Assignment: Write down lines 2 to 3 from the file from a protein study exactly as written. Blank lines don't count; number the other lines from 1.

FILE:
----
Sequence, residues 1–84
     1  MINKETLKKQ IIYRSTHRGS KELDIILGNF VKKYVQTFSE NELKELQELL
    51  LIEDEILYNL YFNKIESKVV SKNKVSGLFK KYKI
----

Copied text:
     1  MINKETLKKQ IIYRSTHRGS KELDIILGNF VKKYVQTFSE NELKELQELL
    51  LIEDEILYNL YFNKIESKVV SKNKVSGLFK KYKI